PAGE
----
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  5. Anonymous says:

    Seven pounds in three days? You must be huge!

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  6. Glen says:

    This post has been removed by the author.

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  7. Glen says:

    Come on people, the point of the article was on self-experimentation.

    Yeah, but we need some specifics as a starting point. Case in point: me. I drank fructose water in an amount I thought was consistent with his experiments…and gained about 5 pounds over a month, which caused me to give up on the diet. I still think Seth is fooling himself as to the mechanism. Saying it has to do with adjusting a set point or modifying a pavlovian flavor/calorie connection makes it publishable in his field, but there are simpler explanations.

    There’s also the traditional selection bias issue common to psychology studies – the people for whom it doesn’t work (like me)stop doing it and drop out, so you’re left with a population for whom it “worked”. In a random sample of people whose weights are taking a random walk, if all the people who gain (or don’t lose)weight drop out, you’ll have “evidence” at the end of the study that whatever you were doing causes people to lose weight.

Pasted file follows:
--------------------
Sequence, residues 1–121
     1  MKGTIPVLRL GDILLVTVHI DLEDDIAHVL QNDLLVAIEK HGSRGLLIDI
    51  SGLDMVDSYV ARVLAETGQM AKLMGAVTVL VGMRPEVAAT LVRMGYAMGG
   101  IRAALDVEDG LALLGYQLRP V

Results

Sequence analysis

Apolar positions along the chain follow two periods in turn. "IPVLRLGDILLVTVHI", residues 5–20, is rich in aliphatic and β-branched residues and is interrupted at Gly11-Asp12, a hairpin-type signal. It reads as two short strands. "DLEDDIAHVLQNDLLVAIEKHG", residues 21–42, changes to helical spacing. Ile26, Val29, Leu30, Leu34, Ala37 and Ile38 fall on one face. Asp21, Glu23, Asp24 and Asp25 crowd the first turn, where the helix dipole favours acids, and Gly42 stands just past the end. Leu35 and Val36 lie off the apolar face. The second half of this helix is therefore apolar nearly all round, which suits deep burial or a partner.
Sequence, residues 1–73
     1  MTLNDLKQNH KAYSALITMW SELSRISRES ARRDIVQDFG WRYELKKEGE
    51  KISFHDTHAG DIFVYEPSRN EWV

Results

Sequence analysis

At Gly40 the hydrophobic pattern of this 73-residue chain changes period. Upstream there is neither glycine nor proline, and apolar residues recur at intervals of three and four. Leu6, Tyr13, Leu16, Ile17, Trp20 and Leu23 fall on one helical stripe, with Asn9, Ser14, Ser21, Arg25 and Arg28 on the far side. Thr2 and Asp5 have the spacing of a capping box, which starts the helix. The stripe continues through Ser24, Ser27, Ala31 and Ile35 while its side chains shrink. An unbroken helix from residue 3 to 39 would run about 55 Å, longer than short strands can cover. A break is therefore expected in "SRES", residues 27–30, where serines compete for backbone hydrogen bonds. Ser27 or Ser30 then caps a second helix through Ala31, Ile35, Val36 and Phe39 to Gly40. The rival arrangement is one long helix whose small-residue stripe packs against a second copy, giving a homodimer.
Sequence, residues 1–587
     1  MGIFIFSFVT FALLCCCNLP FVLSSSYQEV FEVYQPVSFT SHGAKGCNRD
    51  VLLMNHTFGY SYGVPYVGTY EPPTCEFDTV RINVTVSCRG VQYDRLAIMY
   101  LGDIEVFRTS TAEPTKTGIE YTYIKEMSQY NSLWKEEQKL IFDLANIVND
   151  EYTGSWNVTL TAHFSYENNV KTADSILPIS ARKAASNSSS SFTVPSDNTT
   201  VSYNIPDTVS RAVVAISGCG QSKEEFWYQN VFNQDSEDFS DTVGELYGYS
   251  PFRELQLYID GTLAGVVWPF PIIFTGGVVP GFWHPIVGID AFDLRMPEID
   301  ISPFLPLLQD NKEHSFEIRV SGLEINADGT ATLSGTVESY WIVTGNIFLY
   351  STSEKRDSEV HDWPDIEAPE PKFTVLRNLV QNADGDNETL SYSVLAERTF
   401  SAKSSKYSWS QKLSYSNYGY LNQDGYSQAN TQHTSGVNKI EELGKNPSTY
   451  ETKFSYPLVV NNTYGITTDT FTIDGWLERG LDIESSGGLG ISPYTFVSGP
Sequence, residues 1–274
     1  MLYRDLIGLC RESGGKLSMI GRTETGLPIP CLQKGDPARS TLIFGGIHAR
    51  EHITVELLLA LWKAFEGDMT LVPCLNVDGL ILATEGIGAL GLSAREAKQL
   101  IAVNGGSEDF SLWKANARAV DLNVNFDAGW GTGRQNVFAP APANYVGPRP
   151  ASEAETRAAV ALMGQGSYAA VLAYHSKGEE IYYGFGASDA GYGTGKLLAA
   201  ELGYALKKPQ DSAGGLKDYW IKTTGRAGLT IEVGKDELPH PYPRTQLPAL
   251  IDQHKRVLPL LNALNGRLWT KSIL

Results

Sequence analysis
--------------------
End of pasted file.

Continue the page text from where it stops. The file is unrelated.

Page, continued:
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  8. Anonymous says:

    Here is an article that relates to nutrition studies of just one individual:
    “Diet and Genes:
    It Isn’t Just What You Eat That Can Kill You, and It Isn’t Just Your DNA That Can Save You–It’s How They Interact.”

    By Anne Underwood and Jerry Adler
    Newsweek

    http://www.washingtonpost.com/wp-dyn/articles/A26787-2005Jan21.html

    The article points out how the developing field of nutritional genomics shows vast differentiation in the interaction of genes, food consumed, and a variety of reactions of the human body.

    Quote: “This [research] supports what we know from observation, that some individuals are better adapted than others to survive a morning commute past a dozen doughnut shops. Pima Indians in the Southwest get type 2 diabetes at eight times the rate of white Americans. Individuals have widely varying responses to high- or low-fat diets, wine, salt, even exercise.”

    So how do we know that sugar water as a diet aid will work for everyone? Maybe it’s only effective for a person with a particular genetic combo — and whether that combo is frequent or rare.